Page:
Many interventions enabled a combination of features and channels for interaction; however, few reported on how and how frequently these were used. Since such reports are scant, we cannot assess technology adoption or effectiveness. Therefore, we recommend future interventions to add formal reports on usability (e.g., the System Usability Scale [60]) and to quantify features and interaction channels used by participants. The adoption of technology by older adults largely depends on learnability and perceived difficulty of use [61]. Using standard instruments to measure usability is key to explain the success of technology-supported interventions, while failing to address usability might raise concerns about the validity of the intervention.

Finally, with respect to the social interactions enabled (RQ3), we found that most interventions enabled interaction with online groups, rather than with one person put in place specifically for the intervention. Family and friends were the contact group reported by a majority of the interventions, some highlighting intergenerational relationships as particularly important for older adults. Nonetheless, here, we also lack quantitative information on the frequency of contact. Since all interventions with online groups included at least two different groups of people (e.g., family and friends and other participants), we cannot tell whether older adults prefer to contact certain groups nor assess the impact the type of relationship has on the effectiveness of interventions. Friendship relationships, for instance, have been associated with stronger effects for subjective wellbeing [62] as compared with familial relationships.

The need for quantitative information also applies to the channels used to interact with people from particular groups. For example, Széman [41] reports that older adults enjoyed seeing their grandchildren through video chat. Future studies should consider analyzing the impact on effectiveness of the contacts enabled and the channels used for interactions, as well as quantifying interactions and the contacts reached. This would allow to better understand the motivations and opportunities that exist for conversation between older adults and others.

Furthermore, despite assessing the effect of long-distance interactions, many studies reported interactions in person during the intervention (e.g., with other participants, with researchers). If interactions were frequent, the effect on intervention outcomes should be considered.

5. Conclusions

For interventions, technology had the fundamental role of enabling long-distance interactions and was used for support in different ways. By facilitating more channels for interaction and providing access to larger audiences, it allowed participants to expand social networks, strengthen existing ties, providing social support, or build community rapport. However, since existing interventions are few, they tell us about the feasibility of using technology for long-distance interactions, but it is still unclear how technology is actually used, what limitations and opportunities exist, and how these affect the success of the intervention.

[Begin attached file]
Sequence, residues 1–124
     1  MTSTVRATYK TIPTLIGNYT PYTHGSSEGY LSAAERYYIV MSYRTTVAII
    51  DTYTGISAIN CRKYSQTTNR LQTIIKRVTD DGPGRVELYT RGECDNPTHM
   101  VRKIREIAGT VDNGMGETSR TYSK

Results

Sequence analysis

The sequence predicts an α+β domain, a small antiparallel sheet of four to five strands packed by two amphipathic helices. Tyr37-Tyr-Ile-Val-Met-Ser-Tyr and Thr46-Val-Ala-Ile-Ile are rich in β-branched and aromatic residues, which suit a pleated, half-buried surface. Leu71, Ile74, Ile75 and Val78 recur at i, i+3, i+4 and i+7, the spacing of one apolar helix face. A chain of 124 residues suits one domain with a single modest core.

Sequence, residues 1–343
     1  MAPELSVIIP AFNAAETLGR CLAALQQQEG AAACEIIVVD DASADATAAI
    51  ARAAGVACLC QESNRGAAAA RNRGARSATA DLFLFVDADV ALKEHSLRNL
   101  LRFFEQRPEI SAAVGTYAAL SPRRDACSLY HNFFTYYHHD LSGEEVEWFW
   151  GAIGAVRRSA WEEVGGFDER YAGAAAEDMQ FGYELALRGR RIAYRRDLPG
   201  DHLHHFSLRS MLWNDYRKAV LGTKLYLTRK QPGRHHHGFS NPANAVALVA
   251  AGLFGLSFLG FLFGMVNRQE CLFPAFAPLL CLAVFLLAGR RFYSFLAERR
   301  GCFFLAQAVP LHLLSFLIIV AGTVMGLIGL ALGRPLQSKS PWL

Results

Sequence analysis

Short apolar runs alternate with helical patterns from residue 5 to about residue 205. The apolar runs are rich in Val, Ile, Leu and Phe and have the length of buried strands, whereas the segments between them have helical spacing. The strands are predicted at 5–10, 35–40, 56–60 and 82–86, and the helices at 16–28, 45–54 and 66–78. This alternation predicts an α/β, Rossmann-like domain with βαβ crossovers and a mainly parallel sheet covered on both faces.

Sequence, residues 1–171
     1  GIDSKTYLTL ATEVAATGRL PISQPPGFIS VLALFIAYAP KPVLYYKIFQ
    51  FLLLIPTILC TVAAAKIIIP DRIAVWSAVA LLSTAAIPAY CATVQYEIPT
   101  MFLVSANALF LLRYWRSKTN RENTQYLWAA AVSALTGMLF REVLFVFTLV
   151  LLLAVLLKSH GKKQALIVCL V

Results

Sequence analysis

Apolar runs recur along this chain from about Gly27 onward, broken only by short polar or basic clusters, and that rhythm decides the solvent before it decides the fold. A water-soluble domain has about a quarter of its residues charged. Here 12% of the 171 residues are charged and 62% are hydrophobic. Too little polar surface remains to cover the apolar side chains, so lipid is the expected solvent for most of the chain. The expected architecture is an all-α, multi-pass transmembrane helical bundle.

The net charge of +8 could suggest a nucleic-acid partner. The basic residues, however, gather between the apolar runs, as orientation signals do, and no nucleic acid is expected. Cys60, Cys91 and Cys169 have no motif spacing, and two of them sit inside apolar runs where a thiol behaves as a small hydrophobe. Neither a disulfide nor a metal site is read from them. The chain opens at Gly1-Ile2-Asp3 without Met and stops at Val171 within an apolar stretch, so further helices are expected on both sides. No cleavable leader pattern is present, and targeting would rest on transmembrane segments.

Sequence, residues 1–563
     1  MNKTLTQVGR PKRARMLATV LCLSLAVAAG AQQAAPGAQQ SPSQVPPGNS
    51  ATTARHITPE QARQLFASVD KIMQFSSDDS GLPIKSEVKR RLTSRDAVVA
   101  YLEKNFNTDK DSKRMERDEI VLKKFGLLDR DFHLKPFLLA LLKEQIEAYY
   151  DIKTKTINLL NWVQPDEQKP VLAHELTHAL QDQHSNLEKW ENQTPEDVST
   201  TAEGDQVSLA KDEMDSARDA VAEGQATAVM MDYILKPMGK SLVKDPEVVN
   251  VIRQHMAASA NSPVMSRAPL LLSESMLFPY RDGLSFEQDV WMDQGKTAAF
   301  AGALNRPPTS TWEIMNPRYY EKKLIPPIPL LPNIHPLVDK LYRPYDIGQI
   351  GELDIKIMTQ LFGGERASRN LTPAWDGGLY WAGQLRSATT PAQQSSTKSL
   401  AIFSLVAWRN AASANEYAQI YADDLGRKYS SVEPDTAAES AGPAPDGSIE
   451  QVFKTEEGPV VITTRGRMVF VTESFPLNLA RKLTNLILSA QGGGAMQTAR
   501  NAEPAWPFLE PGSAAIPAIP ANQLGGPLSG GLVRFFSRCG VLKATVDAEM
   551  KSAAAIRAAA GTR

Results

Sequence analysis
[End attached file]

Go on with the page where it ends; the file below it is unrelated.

Therefore, we highlight some recommendations for researchers approaching this field of study. First, on the study methods, it is important to (1) design studies as RCTs, (2) leverage standard instruments for measuring loneliness and social isolation, and (3) consider the potential impact of continued (and in person) contact with participants on measurements. This may seem obvious, but we found few studies with these characteristics. We also recommend to report and discuss separately the results for each interaction channel and by the type of relationship (e.g., with friends, children, and grandchildren), since without this information, it is hard to infer what worked. Second, in terms of challenges, open opportunities lie in studying how technologies can facilitate and improve conversation (e.g., by presenting shared interests as topics), as opposed to enabling them. Finally, a vast majority of current research has focused on training for using a specific technology. To date, little attention has been paid to (1) designing interventions that enable or encourage usage of technology in specific ways (e.g., organizing and encouraging access to chat rooms with specific topics) and on (2) using persuasive technologies that introduce motivational elements and help users initiate and sustain conversations on shared interests. We feel that addressing these gaps in current research can lead to a better understanding of the role technology can play in tackling loneliness, helping to alleviate one of the modern ailments of our society.

Disclosure

Part of this work has been included and published as part of the doctoral dissertation entitled “The Connective Power of Reminiscence: Designing a Reminiscence-based Tool to Increase Social Interactions in Residential Care” [63].

Conflicts of Interest

The authors declare that there are no conflicts of interest regarding the publication of this paper.

Acknowledgments

This work was supported by the Russian Science Foundation (project no. 19-18-00282). The authors would like to express their gratitude to the authors of the papers listed in this review who replied to their inquiry for further details. Their help has made this review work more thorough.

References

  1. L. F. Berkman and S. L. Syme, “Social networks, host resistance, and mortality: a nine-year follow-up study of alameda county residents,” American Journal of Epidemiology, vol. 109, no. 2, pp. 186–204, 1979. View at: Publisher Site | Google Scholar